It’s that time of the election cycle when silver tongues are at their busiest. The long overdue breaking of the North Carolina GOP’s General Assembly supermajority is at hand, and many of those in office are making increasingly desperate claims in an effort to hold on to power. Those claims include assertions that the major education reforms of the past 8 years have been good for North Carolina’s children.
Nothing could be further from the truth.
The truth is the last 8 years have been catastrophic for public education in our state. Our leadership has prioritized tax cuts for the rich over funding for our crumbling schools. They’ve enacted legislation which buries 3rd graders under piles of tests and threatens them with retention if they still struggle with reading. They’ve opened the floodgates to charter schools, deepening racial and economic segregation in our state. They’ve implemented a school report card system which measures levels of poverty more than it does academic success, unfairly stigmatizing our most needy schools as failures. And the majority of those reforms have been made through legislation inserted into budgets, deliberately avoiding committee processes allowing for public debate and modifications by members of the General Assembly that are so essential to developing good policy.
Public education in NC is a shell of what it was 8 years ago. But there is good news. Voters are now in a position to remove the leaders that have supported the harmful policies this supermajority has enacted–as long as their votes are informed. Rather than be swayed by charming campaign rhetoric and slick graphics, North Carolina residents need to look at how those in power have actually voted. Fortunately, Heather Scott, candidate for Board of Education in Wake County, just made that a whole lot easier.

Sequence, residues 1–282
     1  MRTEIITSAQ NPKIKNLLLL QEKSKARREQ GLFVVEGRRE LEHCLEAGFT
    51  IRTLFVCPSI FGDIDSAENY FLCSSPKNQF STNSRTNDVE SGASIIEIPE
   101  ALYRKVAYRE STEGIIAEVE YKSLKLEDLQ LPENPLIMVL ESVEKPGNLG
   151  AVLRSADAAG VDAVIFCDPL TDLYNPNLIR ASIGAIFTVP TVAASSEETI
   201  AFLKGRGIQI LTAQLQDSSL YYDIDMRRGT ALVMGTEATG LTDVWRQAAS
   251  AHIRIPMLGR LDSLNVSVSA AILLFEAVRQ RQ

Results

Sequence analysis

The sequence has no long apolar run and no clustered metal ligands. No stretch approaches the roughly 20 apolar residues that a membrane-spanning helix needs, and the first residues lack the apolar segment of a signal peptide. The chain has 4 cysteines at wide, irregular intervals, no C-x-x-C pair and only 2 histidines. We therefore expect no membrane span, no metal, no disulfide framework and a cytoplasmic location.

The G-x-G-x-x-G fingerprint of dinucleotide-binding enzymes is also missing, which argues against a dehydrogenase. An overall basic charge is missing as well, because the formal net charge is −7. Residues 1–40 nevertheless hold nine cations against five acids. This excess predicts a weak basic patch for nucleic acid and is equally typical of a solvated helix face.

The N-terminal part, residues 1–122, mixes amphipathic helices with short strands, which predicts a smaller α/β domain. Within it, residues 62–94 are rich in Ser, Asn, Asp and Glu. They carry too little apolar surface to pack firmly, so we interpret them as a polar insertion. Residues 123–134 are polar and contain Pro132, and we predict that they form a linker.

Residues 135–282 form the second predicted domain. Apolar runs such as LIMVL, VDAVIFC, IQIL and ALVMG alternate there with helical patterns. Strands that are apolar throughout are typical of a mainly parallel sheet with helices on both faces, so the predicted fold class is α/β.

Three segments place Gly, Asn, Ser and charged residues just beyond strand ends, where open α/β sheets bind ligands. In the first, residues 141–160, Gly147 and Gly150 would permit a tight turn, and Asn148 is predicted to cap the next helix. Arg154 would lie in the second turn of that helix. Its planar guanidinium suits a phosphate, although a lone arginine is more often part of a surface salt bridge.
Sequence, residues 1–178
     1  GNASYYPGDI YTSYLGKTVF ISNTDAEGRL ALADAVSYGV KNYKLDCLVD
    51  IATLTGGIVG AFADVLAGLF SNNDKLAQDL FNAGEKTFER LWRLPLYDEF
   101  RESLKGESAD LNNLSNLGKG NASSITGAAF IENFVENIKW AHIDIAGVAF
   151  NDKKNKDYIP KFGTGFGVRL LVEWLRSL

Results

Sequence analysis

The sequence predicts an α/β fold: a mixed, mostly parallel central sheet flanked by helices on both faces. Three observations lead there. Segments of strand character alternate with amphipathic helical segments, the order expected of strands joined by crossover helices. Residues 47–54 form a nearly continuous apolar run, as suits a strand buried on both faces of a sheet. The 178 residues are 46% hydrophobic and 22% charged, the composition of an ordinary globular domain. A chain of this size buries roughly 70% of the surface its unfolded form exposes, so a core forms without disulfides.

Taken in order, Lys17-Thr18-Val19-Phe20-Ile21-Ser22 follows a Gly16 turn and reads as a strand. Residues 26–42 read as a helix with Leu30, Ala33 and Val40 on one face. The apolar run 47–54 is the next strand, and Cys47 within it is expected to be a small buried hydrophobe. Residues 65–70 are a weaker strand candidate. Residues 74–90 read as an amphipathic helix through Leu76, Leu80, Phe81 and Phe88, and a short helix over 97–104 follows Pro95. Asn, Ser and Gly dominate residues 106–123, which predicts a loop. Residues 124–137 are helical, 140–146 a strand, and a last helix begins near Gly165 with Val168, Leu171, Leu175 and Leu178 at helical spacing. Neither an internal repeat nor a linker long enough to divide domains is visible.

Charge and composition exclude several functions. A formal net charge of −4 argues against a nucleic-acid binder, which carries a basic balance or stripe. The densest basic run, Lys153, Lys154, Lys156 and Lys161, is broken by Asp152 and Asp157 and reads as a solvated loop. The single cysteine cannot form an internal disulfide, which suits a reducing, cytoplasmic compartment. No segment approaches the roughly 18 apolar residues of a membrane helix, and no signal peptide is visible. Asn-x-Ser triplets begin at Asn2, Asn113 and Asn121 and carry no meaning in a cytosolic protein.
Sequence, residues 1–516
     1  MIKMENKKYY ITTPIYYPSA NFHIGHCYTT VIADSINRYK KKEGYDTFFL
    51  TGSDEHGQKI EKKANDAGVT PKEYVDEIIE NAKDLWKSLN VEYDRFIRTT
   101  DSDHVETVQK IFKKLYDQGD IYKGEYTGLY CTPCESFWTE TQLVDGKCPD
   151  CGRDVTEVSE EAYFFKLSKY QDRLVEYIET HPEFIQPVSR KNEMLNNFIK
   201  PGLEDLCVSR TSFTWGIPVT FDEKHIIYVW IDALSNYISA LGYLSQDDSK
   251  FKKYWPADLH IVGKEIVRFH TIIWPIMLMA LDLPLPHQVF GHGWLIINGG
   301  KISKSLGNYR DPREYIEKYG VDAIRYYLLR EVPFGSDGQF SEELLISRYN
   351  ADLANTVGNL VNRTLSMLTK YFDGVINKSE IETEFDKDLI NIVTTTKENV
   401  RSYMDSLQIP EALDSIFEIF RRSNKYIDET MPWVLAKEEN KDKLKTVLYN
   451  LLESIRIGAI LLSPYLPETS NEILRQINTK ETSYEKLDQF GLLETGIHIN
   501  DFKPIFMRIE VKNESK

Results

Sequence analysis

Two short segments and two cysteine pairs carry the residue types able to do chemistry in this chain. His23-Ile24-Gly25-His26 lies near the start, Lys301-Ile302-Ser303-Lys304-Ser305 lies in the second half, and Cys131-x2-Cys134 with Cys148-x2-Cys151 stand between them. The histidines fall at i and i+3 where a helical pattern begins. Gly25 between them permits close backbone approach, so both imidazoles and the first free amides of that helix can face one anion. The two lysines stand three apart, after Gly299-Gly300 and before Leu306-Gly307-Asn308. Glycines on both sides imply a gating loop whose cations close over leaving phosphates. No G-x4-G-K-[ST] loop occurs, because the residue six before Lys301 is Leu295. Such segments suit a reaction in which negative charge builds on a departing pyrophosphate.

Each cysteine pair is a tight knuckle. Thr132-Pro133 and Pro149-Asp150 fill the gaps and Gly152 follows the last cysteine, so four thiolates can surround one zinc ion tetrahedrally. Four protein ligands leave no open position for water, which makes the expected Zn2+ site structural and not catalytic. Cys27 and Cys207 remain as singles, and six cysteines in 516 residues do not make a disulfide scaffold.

Heather created this helpful chart of harmful education policies complete with bill numbers to help you easily look up which current state legislators voted to support them.
To look up the vote history for any of the legislation referenced on the chart, follow these simple steps:
*Browse to ncleg.net
*Set the search options at the top to ‘full site search’
*Plug in the bill number from Heather’s chart and click ‘Go’
*Select the version of the bill labeled ‘Information/History,’ and verify that you’re looking at the relevant bill as bill numbers are recycled
*Scroll down to Vote History, and click on the blue text that says ‘PASS’ for the final version of the bill, [S] for Senate and [H] for House.
*You will see who voted ‘Aye’ and who voted ‘No’ on the legislation.
(*Note that the search function at ncleg.net can be uncooperative at times. I often have better luck using Google to find the Vote History for specific NC bills.)
Big thanks to Heather Scott for doing the research and developing a graphic to help ensure that North Carolina voters can vote for pro-public education candidates on November 6.